5 Ways Meditation Can Help Nursing Practitioners

Mindfulness meditation means to focus your attention on something and, at the same time, remain mindful of your thoughts. Meditation practice originated in ancient India where it is still practiced along with mantra chanting. 

Nurses can benefit from meditation as it helps in promoting mental health and well-being. In addition, it also helps reduce pent-up stress and lowers anxiety. Although anyone can benefit from a regular meditation practice, nurses can benefit more because of the nature of their work. 

Let us discuss some ways in which nurses can benefit from meditation:

Get my newsletter + free meditation ebook!

1. Promotes Better Sleep 

A nurse practitioner has to work in long shifts. Nurses often get their shifts adjusted, and, therefore, it is difficult for them to follow a regular sleep schedule for longer. Add to that the pressures of pursuing a higher degree, and you have a mental breakdown waiting to happen. For example, if a nurse is attending classes for MSN FNP during the day and working regular night shifts, then she will have no time to rest properly for more than a few hours. 

One solution to this issue is to opt for an online msn-fnp program that gives you the flexibility of place and time that you need to pursue education from your home, saving you valuable time and resources spent on commuting and eating out. But to really help you recover faster, you also should look into cultivating a regular meditation practice. 

Meditating regularly can help you improve your sleep patterns significantly. The main reason behind restlessness and the inability to sleep is an aroused sympathetic nervous system. Meditation helps you lower your tension and stress levels, which can increase the duration and quality of your sleep.

2. Addresses Burnout 

It is common for nurse practitioners to experience mental and physical burnout. While most of the blame falls on the challenging and demanding work conditions, not taking breaks to help you reset and recover also contributes to this problem. As a result, nurse practitioners can lose their motivation to work, which damages their work performance.

If this sounds anything like you, it is a sign that you need to take a break away from work and meditate. Meditation improves your mental and physical health by reducing the accumulated tension and stress levels. In addition, it offers insights into your thinking patterns. Your motivation will come back after you begin to think more clearly about your goals.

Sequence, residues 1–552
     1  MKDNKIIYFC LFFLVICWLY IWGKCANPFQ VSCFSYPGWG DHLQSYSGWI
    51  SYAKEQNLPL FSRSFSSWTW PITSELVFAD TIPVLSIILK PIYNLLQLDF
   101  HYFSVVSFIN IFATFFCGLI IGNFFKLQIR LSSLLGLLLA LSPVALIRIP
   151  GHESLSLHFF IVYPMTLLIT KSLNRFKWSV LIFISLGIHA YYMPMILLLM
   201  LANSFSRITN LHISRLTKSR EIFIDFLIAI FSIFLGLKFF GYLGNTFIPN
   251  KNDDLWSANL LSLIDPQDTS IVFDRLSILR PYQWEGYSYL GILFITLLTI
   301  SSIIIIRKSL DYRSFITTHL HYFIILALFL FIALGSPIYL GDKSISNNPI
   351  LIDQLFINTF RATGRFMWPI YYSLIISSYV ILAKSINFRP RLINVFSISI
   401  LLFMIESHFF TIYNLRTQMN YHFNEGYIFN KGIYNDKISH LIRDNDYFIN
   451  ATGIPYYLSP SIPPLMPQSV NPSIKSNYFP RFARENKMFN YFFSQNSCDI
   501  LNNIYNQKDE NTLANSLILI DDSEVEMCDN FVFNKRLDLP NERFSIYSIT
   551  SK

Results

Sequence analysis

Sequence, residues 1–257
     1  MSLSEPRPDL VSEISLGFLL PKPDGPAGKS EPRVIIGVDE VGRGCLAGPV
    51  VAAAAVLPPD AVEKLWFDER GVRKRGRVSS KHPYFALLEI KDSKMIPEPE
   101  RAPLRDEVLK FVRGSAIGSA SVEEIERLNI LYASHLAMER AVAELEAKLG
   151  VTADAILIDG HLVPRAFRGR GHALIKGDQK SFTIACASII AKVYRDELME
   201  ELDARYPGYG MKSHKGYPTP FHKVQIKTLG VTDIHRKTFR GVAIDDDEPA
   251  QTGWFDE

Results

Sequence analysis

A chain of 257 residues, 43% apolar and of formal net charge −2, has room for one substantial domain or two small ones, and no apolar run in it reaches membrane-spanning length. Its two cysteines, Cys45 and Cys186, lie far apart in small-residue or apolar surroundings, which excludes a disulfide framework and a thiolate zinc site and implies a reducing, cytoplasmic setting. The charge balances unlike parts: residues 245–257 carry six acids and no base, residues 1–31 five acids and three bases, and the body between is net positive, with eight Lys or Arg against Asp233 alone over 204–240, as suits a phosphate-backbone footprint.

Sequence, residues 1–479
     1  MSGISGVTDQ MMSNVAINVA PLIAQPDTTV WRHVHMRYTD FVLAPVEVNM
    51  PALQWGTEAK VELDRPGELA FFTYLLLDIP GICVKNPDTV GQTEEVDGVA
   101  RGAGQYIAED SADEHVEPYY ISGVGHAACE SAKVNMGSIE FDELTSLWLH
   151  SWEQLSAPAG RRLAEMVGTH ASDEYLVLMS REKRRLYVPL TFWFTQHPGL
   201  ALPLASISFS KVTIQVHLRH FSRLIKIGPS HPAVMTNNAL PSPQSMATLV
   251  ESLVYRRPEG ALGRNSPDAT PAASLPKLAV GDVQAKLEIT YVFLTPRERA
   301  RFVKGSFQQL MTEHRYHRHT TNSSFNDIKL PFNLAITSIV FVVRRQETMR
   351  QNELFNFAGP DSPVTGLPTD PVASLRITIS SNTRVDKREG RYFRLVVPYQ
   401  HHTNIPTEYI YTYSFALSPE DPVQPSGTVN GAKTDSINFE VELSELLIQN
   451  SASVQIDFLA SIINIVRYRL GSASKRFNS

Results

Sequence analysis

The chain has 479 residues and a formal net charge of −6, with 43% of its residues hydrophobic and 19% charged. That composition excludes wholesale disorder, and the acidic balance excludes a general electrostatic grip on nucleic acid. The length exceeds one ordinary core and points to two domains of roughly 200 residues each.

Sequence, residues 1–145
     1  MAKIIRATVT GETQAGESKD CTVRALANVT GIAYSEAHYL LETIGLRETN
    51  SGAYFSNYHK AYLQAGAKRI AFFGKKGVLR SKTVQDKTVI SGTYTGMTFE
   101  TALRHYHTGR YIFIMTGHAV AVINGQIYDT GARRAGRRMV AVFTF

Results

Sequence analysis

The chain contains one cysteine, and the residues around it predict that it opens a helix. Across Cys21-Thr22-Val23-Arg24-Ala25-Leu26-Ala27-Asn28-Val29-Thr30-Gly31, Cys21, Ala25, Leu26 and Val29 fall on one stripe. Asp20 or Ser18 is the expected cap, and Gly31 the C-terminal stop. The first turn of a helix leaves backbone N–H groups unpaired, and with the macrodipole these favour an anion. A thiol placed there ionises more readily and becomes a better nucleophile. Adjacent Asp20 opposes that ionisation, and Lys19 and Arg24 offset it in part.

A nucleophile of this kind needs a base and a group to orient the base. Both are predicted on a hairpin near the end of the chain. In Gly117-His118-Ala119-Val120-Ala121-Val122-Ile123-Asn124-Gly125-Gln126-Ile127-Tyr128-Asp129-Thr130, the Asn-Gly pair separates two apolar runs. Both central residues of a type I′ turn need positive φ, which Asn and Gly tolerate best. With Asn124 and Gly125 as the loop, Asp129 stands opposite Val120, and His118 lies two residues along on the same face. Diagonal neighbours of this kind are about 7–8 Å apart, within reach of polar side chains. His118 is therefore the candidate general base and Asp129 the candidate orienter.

3. Relieves Pain 

Being on your feet all day, tending to one patient after another, can take its physical toll on your body. Experiencing pain and body aches can then hamper performance and the nurse’s ability to provide medical care suffers. 

Most nurses report of pain in lower back, neck, legs, knees, upper back, shoulders, and feet. 

Tension is also a contributing factor in allowing the pain to persist. Meditation can help release the residual tension in the muscles by regulated breathing which helps your muscles loosen up and relax. Also, meditative breathing improves blood flow, which, in turn, helps in reducing cramps.

4. Reduces Frustration 

It is part of the nurse’s job to deal with patients, and attendants, with a smile on their face. Of course, feeling down from time to time is part of being human. The workplace gossip could get to you or a small argument with a patient can lead to a kerfuffle. These things happen and it’s normal to feel angry, sad, or helpless at times. But not talking to someone, or keeping these emotions pent up inside can lead to mental health problems down the road. 

To help dissipate all the pent-up negative energy, nurses should meditate to shine the bright and watchful light of mindfulness onto their problems. Seen through a mindful eye, the problems that seemed so significant can become less significant giving you space to let go of your emotions. 

5. Helps You Face Bitter Life Truths More Calmly

People die around nurses in hospitals all the time. The tragic story of life keeps repeating in front of them. Watching loved ones grieve, letting go of someone they had cared for, for a long time, are some instances where nurses might reveal that they, too, after all, are human. 

Meditation helps you accept the reality as it is. A very large part of the practice of meditation is acceptance of whatever happens in the present with no judgement. Therefore, meditation is an excellent way to help you come to terms with the bitter truths of life, like death. 

Conclusion

Meditation is the antidote to our workaholic lifestyles and professions. Nurses, who epitomize workaholism in workplace, can greatly benefit from a regular meditation practice. Besides that, mindfulness is a way for people to help them become aware of their thoughts, emotions, and moods. Hence, meditation is a practice that nurses must incorporate into their daily routine.

Interested in learning to meditate at work? Book a corporate meditation session.

Share This:

Published
Categorized as guest post

By Guest Post

This article was submitted by a guest blogger. You can read about the author in the post above. If you would like to submit an article, please write for us (sponsored guest posts). Paul Harrison, Editor, THE DAILY MEDITATION.

Leave a comment

Your email address will not be published.

Request A Quote